They even store food like seeds, grains, and fruits under the ground in their burrows.

European ground squirrel feeding
European ground squirrel feeding
European ground squirrels in Vienna

In a study it was shown that European ground squirrels might even feed on voles, mice, shrews, moles, and hedgehogs!

Reading more about these facts was indeed quite surprising for me, because rodents are principally herbivores. On the other hand, rodents like alpine marmots, as well, do not exclusively feed on plants. They, for example, might also feed on insects, spiders or worms.

As European ground squirrels are interesting and enchanting animals, I decided to pay them a visit when I was in Vienna. I knew before that there was a colony of them in a place called Blumengärten Hirschstetten.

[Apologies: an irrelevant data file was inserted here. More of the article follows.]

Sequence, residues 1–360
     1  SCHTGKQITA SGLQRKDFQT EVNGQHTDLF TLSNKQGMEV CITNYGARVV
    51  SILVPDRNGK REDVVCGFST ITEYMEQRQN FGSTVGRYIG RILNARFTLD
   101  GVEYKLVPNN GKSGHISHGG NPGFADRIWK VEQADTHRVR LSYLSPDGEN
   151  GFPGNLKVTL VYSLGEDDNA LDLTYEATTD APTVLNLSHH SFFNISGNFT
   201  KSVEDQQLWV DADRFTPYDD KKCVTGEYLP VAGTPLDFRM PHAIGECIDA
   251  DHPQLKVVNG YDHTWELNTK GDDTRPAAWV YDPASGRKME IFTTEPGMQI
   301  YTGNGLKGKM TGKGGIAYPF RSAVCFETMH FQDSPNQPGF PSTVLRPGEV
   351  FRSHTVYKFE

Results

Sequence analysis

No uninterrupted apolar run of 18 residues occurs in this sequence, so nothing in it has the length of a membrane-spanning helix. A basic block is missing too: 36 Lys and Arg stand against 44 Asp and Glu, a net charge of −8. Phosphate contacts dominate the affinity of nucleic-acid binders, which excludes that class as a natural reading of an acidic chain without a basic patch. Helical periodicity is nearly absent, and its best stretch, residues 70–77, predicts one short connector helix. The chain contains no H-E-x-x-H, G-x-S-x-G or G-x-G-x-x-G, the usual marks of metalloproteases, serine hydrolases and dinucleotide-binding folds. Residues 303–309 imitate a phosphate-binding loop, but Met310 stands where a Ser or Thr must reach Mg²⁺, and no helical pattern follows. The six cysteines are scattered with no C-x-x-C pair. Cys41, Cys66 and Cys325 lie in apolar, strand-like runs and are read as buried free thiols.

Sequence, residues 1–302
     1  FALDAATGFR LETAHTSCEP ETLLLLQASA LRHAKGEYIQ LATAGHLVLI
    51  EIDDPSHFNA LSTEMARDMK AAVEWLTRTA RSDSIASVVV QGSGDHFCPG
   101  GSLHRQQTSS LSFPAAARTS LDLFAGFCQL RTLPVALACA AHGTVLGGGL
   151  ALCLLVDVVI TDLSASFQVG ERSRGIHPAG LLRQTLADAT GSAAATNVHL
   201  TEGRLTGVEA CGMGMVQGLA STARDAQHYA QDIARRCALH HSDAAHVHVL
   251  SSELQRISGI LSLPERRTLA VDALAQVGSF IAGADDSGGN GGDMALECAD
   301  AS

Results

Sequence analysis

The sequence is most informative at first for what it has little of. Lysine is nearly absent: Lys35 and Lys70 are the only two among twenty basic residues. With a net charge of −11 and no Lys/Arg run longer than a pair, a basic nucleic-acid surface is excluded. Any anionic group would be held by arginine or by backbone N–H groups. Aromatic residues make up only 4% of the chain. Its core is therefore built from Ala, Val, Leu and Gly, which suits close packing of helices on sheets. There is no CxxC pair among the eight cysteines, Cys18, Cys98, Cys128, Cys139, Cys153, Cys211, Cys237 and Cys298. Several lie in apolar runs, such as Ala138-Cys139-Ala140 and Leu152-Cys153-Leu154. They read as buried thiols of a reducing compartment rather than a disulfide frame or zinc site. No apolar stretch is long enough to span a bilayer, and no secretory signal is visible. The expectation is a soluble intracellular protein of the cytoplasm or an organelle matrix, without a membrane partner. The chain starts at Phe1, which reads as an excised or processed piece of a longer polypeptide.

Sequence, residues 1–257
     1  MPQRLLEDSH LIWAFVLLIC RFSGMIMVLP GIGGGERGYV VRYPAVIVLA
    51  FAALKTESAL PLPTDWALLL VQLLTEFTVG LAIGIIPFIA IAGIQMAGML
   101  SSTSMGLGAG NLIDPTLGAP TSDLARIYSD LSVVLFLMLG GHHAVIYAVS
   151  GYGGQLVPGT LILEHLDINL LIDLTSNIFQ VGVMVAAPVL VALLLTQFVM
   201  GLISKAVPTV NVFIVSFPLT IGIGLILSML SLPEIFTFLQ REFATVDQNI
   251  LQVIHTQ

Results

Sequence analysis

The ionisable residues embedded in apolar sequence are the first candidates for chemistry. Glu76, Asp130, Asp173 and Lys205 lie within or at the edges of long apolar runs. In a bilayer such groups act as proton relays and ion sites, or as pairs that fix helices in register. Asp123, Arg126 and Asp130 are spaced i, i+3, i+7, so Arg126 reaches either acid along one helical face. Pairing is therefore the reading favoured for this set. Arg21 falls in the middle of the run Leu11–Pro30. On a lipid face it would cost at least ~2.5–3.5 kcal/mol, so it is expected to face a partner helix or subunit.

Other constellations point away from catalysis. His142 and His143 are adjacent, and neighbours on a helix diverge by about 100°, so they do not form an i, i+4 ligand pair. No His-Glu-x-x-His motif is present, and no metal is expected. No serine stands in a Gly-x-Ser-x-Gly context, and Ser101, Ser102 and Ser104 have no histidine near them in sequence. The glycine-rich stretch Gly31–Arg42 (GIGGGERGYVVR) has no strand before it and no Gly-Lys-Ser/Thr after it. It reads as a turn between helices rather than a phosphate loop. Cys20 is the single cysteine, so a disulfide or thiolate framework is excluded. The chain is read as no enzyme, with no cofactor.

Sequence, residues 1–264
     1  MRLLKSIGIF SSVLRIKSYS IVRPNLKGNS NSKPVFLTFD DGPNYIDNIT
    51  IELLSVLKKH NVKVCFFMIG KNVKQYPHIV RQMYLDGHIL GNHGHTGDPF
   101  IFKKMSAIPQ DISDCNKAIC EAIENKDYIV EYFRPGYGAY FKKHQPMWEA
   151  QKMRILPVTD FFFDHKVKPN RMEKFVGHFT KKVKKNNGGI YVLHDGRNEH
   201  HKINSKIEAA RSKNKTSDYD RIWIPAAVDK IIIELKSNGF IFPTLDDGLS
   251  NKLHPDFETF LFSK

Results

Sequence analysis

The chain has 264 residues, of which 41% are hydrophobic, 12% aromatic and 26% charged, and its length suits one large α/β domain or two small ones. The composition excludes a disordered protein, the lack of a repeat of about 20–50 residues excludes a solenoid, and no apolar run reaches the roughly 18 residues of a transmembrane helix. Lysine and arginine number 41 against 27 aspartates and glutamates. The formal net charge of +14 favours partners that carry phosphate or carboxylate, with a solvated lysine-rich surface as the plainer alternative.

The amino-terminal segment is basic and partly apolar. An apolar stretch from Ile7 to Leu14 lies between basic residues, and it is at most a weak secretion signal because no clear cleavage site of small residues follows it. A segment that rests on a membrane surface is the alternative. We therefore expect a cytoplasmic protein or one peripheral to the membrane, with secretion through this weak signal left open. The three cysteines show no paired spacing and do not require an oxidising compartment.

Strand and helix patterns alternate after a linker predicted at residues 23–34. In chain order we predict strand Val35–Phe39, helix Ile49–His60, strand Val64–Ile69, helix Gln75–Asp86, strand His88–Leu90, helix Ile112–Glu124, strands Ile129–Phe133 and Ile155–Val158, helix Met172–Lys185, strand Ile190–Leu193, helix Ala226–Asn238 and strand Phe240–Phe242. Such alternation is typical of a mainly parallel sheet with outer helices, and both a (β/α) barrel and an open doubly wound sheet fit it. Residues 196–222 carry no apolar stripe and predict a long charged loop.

Blumengärten Hirschstetten

In the next paragraph I will write more about this public place in the northeast of Vienna.

Information: European ground squirrels are native to southeast Europe including Austria, but also Czech Republic, Hungary, Slovakia, Bulgaria, Ukraine, or Moldova among other countries. In the past, they were even distributed in Germany and Poland. However, in Germany they are now extinct, but in Poland they were successfully reintroduced again.

Blumengärten Hirschstetten

Due to the short active season, of course, summer is the best month to visit the European ground squirrels in Vienna. Before I started to write about these magnificent animals on this blog, however, I was asking myself a very important question.